Tuesday (1/26)  

  1. Quick 8 Writing Assignment
  2. Finish Non-Fiction Reading Presentations (if needed)
  3. Analyze AP Sample Essay Responses to 2005 Free Response Question
  4. Group Projects: Study Guide Discussion Questions
  5. Continue individual appointments to discuss rhetorical analysis

HW:   Read and annotate  Huck Finn Ch. 34-35; answer study guide questions. Continue SAT VIII. 

 

Wednesday (1/27)      

  1. Quick 8 Writing Assignment
  2. Turn in Reaction Paper.
  3. Discussion:  Elements of Satire in Huck Finn
  4. Rhetorical Device:  Analogy
  5. Group Projects:   Study Guide Discussion Questions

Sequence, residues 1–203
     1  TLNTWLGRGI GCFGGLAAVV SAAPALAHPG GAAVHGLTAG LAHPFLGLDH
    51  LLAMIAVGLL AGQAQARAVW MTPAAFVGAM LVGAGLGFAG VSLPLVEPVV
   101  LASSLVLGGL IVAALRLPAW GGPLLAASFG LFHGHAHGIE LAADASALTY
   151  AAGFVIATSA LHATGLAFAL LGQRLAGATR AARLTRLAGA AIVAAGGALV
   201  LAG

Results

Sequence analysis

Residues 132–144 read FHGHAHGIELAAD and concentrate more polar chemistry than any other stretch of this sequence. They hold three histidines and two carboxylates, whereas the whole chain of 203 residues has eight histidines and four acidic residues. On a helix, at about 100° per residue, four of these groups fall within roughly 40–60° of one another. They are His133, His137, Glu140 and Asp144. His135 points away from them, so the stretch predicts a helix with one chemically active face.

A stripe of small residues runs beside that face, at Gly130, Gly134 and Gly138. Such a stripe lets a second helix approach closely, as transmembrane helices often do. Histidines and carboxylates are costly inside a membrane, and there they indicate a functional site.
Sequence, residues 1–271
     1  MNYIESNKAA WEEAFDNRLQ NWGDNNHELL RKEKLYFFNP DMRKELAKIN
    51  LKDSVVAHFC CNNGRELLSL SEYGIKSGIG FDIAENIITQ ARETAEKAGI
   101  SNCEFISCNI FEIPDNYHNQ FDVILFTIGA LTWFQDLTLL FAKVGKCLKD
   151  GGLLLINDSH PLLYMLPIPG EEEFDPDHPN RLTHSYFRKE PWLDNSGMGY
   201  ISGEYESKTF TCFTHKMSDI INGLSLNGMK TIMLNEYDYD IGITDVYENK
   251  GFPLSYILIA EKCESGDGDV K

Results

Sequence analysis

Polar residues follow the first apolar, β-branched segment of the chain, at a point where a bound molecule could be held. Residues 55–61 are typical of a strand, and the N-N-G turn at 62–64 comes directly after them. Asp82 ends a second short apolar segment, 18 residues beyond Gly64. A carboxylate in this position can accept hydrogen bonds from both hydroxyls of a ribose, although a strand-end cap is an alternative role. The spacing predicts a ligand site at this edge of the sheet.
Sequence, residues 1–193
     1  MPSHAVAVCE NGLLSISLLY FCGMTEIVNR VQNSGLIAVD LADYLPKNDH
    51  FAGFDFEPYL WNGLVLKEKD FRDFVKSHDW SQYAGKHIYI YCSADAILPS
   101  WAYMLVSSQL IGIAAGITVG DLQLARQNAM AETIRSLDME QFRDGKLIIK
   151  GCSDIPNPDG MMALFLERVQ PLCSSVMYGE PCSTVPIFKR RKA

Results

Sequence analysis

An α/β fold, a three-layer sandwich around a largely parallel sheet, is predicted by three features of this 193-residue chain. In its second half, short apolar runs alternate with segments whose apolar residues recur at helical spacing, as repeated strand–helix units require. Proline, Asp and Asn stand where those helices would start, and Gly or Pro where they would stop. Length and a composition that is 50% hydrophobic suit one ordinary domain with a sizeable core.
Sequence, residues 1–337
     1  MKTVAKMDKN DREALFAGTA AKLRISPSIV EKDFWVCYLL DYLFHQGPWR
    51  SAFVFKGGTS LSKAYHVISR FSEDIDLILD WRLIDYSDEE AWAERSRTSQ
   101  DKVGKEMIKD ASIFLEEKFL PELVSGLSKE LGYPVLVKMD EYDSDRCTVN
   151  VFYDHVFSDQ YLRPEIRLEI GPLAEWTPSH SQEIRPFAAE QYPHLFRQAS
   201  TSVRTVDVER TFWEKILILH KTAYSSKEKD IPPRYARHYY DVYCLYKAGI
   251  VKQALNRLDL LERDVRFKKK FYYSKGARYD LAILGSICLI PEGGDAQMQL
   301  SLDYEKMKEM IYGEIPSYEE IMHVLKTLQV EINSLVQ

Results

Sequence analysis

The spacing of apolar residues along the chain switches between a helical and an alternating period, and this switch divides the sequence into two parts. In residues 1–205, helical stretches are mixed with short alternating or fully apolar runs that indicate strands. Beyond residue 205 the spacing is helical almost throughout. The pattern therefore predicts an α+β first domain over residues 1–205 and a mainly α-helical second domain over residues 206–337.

HW:  Read and annotate  Huck Finn  Ch. 36-39;   YOU DO NOT NEED TO WRITE THE ESSAY OVER THESE CHAPTERS. Continue SAT VIII. 

Thursday (1/28)      

  1. Quick 8 Writing Assignment
  2. Continue Discussion: Elements of Satire in Huck Finn
  3. Discuss Final Argumentative Essay over Huck Finn
  4. Group Projects: Study Guide Discussion Questions

HW:  Read and annotate  Huck Finn  Ch. 40-End; answer study guide questions; finish SAT VIII; quick 8 Writing Assignments--DUE TOMORROW. Finish SAT VIII. 

Friday (1/29)

  1. Turn in Quick 8 Writing Assignments
  2. AP Timed Writing

   

HW : Read and annotate essays by Smiley and Morrison; write rough draft for argumentative essay; bring to class for peer editing on TUESDAY; complete study guide questions--DUE MONDAY

 

Coming Up. . .

Memoir Reading List (Project TBA--DUE March 1)

 


Week of February 1

 

Memoir Project-Due February 25  

Read and/or listen to the news EVERY DAY .   We will have a current event quiz next WEDNESDAY.

 

Monday